Actual Line Items From STYS:
-Decom/Recom of Mast: $559 ($230 less than original estimate)
-Crane/Cherry Picker Unstep: $450
-Replace All Standing Riggin & Topping Lift: $7,431 (~45% more than estimate)
-Replace All Boom Sheaves: $302 (~45% less than estimate)
-Total With Tax and Surcharges: $9,558

To me, this was just insane. I mean, shouldn't a professional yard kind of know these things when estimating? How can your estimate be FIFTY PERCENT OFF of the actual price????

Damn B&R rig! Wow.

In the end, I suppose we both got hurt on this one. So I'm not necessarily upset at STYS (they did stick to their original higher estimate on the rigging after all) - but it certainly ballooned way beyond what I was expecting. Better communication during the process would have been very helpful.

I think the biggest lesson learned here is to not add on work in the midst of a specific project. Or at least make sure you know the exact costs before getting into that additional stuff. I'll use STYS again since they stuck to their original estimate - but I'll be far more careful about what I ask for and what I expect.
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S/V Dawn Treader - 1989 Hunter Legend 40

Last edited by smackdaddy; 01-02-2014 at 05:26 PM.
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Re: 1989 Hunter 40 - A million questions.

Quote:
Originally Posted by capecodda View Post
One of my sailing buddies was upset because he about to head off on a cruise, and his boat was not ready. Lot's of items on his to do list. We came up with the following prioritized list, and off he went, with a number of "small" things still not working. He had a great time.

Here's the list:

1. No Leaks - if the boat leaks and sinks, pretty much any thought of having a good cruise is out the window (I guess small leaks are OK). This item also encompasses common sense stuff like the keel should stay attached.
2. Rudder - If you cannot steer the boat, what's the point. Also, had a buddy loose his rudder about 500 miles from anywhere on the way to Tortola. Hard to go in straight line with makeshift stuff.
3. Rig - If the rig falls on your head, you cannot sail. Sails need to be reasonable too, but the rig needs to stand or the sails are just interesting hunks of synthetic fabric. Yea, I know someone will tell us a story of a makeshift rig across an ocean, but if given the choice they'd rather not.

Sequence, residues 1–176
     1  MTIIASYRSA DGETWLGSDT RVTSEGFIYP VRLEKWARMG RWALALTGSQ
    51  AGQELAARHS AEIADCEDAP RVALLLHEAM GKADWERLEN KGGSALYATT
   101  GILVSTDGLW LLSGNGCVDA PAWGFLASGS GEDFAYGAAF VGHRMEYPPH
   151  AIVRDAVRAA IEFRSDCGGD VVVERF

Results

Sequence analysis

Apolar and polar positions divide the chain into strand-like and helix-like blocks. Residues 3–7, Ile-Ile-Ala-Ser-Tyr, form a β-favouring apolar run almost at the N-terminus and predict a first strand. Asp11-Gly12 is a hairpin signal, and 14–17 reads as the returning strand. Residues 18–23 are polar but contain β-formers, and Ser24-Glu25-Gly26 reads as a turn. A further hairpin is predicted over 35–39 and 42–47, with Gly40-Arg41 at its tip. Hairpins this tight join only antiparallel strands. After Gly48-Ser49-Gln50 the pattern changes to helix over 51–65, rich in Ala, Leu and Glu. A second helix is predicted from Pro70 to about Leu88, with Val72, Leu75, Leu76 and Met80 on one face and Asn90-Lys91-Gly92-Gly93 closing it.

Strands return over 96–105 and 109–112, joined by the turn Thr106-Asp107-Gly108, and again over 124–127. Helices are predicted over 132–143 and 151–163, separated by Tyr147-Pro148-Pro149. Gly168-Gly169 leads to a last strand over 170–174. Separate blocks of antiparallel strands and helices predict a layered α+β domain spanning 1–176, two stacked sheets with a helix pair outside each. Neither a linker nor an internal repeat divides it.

4. Anchor - Need to stop once in a while in places where it's shallow enough to find the bottom. The closest thing we've got to brakes in a car.
5. Engine - Case the wind dies, and we aren't skilled enough to sail into any marina in any wind condition (although I understand many sail netters are, so good for those who can).

Yea, I'm assuming you've got safety gear, meet the CG regs, etc. Goes without saying.

But when you think about it, everything else is just about added comfort and convenience. If the winnebago stuff fails, you can find a way to keep going and fix it later.

Pressure water fails - foot pump
head fails - bucket
fridge fails - ice, in the UK they like warm beer?
ac fails - leave the marina, anchor and open the hatches, go swimming
audio system - talk or sing
radios - be self sufficient for a bit, miss the daily net gossip
chart plotter - paper and eyeballs
depth sounder - lead line
radar - stay put till the fog lifts or nav the old way
wind instruments - wet your finger and hold it up

Yea, I like having all that stuff work too and there's plenty of strong opinions on what safety gear you need, all the way from those who won't go anywhere without a personal rescue copter at the ready, to those who say I'm on my own in the wet wilderness.

But it's hard to have a good cruise without the high priority items working

Do what I say, not what I do. Get the priority stuff right then go! Sounds like you've got quite an adventure on the horizon.
I like John Harries approach to this......

What Really Matters

Keep the water out
Keep the crew on the boat
Keep the keel side down
Keep the mast up
Keep the rudder on

The rest is small stuff.

We now prioritise every job/upgrade on the basis of the big 5.
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Old 01-02-2014
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Re: 1989 Hunter 40 - A million questions.

Nicely told Steve.
The cash blizzard will continue though.
You haven't even started listing your monthly slip fees.
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Re: 1989 Hunter 40 - A million questions.

Quote:
Originally Posted by CalebD View Post
Nicely told Steve.
The cash blizzard will continue though.
You haven't even started listing your monthly slip fees.
$250/month plus electric (which has never been more than $6 in a month). Of course, I've worked a deal where I don't have to pay any of that. So it's all good.